We couldn’t hold back our mirth imagining what assumptions people made by looking at us together or learning where we went to college.
Little shoots of dreadlocks sprung from his head whereas I had long, unruly hair parted in the middle. He wore leather trench coats and I felt most myself in band T-shirts. He effortlessly worked whatever room he happened to be in, I naturally gravitated towards corners. He went to a university not far from home, I attended one of the most prestigious colleges in America.
I don’t think anyone would have guessed that it was me, not him, who had a working-class childhood in a major city. This man I used to date hailed from a picturesque, middle-class suburb of Washington, D.C. His family lived in a lovely colonial-style house with a lawn so big that I winced when he told me his father expected him to mow it every week.
Despite his comfortable upbringing by a white-collar father and homemaker mother (compared with the more hardscrabble circumstances of my childhood with immigrant parents), it was he who lived with fear, and with that, a different set of expectations.
I could not, and still cannot, fathom that fear.
It’s a fear many black parents carry and then pass on to their children, a crushing psychic burden in which they know they are more likely to be scrutinized or they must work twice as hard to succeed.
It’s a fear, so eloquently described by James Baldwin in his searing essay, A Talk to Teachers, that can turn schools into minefields for children to tiptoe around:
But a black child, looking at the world around him, though he cannot know quite what to make of it, is aware that there is a reason why his mother works so hard, why his father is always on edge.
He is aware that there is some reason why, if he sits down in the front of the bus, his father or mother slaps him and drags him to the back of the bus.
He is aware that there is some terrible weight on his parents’ shoulders which menaces him. And it isn’t long—in fact it begins when he is in school—before he discovers the shape of his oppression.
When he was about 7 years old he got in trouble at school because he insisted his name was Spider-Man when his teacher took attendance. The school called his parents and he was punished again by his parents, who said he had to be careful to avoid even minor infractions. It was for his own good.
He was visibly angry recounting this story. When I met him, he was approaching 40. He had recently left a well-paying government contracting job that made him miserable—in favor of finally pursuing his passion for the arts.
That early incident, inconsequential as it seemed, affirmed his parents’ belief that to be black was to be vigilant every day. The dissatisfaction he felt in living a secure, prescribed life ate away at him until he veered off the path laid out for him to carve out his own.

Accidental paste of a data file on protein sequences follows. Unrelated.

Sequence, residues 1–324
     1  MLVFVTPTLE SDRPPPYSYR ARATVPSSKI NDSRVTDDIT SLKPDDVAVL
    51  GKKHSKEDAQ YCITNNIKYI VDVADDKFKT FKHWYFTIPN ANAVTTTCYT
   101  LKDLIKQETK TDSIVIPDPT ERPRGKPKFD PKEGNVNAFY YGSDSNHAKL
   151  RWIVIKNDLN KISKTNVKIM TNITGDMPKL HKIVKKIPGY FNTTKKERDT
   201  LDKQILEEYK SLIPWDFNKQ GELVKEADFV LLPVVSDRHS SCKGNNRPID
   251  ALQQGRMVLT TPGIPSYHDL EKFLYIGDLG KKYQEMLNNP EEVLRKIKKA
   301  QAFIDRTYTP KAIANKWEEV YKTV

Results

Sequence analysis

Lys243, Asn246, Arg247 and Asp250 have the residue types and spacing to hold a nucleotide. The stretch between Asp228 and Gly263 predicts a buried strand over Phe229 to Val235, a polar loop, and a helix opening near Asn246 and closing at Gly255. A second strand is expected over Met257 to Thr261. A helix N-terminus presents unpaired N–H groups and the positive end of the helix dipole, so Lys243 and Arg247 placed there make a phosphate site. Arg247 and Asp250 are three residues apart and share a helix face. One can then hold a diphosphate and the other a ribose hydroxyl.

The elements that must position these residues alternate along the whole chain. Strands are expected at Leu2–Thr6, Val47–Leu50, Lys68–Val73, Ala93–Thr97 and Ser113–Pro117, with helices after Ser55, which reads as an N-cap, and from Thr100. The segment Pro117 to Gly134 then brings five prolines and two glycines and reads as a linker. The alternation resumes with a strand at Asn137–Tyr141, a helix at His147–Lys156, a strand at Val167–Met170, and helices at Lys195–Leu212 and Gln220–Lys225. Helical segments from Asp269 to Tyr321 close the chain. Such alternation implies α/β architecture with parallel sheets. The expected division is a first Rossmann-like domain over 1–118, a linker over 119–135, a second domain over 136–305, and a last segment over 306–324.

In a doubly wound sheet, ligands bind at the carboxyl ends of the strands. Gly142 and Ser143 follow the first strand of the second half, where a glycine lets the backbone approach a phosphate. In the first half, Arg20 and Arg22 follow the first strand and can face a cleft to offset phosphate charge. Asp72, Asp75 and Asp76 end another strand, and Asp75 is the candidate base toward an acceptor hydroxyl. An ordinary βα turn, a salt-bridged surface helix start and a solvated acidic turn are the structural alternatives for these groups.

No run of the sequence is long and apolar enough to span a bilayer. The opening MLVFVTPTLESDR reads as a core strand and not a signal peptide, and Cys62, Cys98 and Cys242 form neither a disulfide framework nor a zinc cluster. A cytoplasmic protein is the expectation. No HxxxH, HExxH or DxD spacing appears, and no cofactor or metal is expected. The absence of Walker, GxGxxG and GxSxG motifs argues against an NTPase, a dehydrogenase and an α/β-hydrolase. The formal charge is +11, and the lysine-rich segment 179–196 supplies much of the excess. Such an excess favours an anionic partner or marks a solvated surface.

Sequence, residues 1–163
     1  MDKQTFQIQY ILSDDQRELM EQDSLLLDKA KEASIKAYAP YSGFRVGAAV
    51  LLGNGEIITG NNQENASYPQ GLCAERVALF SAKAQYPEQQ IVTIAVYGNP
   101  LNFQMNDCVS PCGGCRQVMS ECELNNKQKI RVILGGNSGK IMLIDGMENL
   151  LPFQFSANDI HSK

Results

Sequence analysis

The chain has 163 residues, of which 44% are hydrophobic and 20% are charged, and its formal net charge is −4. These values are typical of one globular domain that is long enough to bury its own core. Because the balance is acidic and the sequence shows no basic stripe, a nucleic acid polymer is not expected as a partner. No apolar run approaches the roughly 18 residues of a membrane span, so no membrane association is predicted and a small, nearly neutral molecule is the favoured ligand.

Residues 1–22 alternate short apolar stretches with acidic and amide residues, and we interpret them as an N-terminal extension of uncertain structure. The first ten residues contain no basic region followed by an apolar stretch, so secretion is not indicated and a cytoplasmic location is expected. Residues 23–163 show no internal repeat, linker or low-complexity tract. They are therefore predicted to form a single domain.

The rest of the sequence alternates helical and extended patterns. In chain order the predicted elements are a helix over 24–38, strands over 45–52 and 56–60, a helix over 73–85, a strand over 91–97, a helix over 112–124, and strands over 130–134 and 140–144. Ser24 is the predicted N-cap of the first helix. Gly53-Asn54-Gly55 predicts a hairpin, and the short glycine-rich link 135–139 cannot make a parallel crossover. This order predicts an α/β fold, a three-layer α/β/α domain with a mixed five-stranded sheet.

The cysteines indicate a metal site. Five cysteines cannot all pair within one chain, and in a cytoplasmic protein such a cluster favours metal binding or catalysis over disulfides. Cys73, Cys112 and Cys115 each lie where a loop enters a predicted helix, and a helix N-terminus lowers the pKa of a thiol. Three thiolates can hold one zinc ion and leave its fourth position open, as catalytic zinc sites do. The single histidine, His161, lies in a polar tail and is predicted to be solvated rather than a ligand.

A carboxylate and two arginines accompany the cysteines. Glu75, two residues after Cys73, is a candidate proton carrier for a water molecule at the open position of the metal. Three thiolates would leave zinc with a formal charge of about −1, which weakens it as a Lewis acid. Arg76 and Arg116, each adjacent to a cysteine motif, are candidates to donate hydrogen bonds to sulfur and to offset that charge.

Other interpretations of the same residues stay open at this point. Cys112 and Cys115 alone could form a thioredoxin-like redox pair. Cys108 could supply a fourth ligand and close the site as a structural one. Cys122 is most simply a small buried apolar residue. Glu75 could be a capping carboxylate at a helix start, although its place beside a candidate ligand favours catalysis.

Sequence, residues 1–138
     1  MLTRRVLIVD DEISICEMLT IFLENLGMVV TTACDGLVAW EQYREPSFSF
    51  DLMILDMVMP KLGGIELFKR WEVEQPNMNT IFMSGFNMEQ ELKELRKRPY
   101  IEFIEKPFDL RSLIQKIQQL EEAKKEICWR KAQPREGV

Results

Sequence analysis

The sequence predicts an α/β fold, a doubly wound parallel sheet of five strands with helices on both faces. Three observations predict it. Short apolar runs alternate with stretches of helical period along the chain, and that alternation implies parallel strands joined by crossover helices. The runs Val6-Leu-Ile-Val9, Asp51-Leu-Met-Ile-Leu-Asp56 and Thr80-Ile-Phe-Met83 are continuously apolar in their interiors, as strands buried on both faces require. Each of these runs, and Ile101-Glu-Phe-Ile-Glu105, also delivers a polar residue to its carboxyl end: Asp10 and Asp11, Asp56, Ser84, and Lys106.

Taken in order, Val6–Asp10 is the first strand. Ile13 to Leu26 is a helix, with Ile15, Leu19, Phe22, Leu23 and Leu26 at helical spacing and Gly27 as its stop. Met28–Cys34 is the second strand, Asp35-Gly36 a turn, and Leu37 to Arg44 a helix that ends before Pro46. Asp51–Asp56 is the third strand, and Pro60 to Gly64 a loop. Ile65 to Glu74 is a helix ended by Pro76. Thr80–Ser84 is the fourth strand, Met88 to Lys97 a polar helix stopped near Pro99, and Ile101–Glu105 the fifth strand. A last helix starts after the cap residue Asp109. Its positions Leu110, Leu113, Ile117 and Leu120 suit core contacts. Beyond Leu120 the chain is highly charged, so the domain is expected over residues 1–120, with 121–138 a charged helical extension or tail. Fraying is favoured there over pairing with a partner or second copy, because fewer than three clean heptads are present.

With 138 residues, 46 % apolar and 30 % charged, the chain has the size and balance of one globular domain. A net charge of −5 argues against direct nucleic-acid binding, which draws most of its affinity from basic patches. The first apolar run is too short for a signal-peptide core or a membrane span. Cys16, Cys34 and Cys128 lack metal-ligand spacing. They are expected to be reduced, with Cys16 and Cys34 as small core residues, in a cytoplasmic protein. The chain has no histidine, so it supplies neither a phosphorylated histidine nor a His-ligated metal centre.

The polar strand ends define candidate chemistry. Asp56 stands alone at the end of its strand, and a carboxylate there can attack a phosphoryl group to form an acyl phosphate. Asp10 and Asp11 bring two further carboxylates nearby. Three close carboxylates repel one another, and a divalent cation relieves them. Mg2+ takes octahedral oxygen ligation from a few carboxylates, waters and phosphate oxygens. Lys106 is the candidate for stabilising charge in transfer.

Racially charged cases of police shootings and excessive school discipline have dominated news headlines. Racial bias among teachers has been well-documented. There has been much handwringing among educators and casual observers as to how the scourge of racism still afflicts this country.
Less discussed are the ways these practices not only devastate the lives and psyches of black children, but undermine the purpose of education: self-determination.
Fear—of not attending college, not having a career or landing in the criminal justice system—cannot be the motivation behind a child pursuing an education. It must be intrinsic, a reflection of what a child holds dear and the kind of life he wants to lead.
It’s time for educators and parents to move away from a carrot-and-stick approach and instead see schooling as the greatest possibility for their children’s flourishing, as Ta-Nehisi Coates writes:
What I generally try to do is avoid messages about “hard work” and “homework,” not because I think those things are unimportant, but because I think they put the cart before the horse.
The two words I try to use with them are “excitement” and “entrepreneurial.” I try to get them to think of education not as something that pleases their teachers, but as a ticket out into a world so grand and stunning that it defies their imagination.
My belief is that, if I can get them to understand the “why?” of education, then the effort and hard work and long study hours will come after.
We do children no favors by turning schools into punitive, rigid places where children learn that the point of education is not to broaden their minds but to follow the rules and stay out of trouble.
We don’t equip them to govern themselves, ask the hard questions they will inevitably have to answer, and perhaps most important, get along with people who are not like them.
In trying to control for everything, timidity and a sense of powerlessness takes over. The desire to protect children, especially those from unsafe neighborhoods, is borne of good intentions, but when school becomes yet another venue that discourages children from being themselves, we perpetuate the already considerable amount of fear black children experience every day.
We tell them to hurry up and become adults yet leave them with a poor sense as to what that truly means. We teach children what to avoid rather than what to enjoy and in doing so, we turn education into a Skinnerian experiment of behavior avoidance.
My friend would have chosen a different life had he been without fear; he wouldn’t have waited until he was nearing 40 to be his authentic self.
The purpose of educating black children, all children, shouldn’t be to save them from criminality or poverty, yet for too many, school is another place emphasizing obedience lest they run off the rails. This belief is too cynical.
A good education has to do far more than mitigate against harm—it has to allow children to dream, to begin building the lives they want for themselves.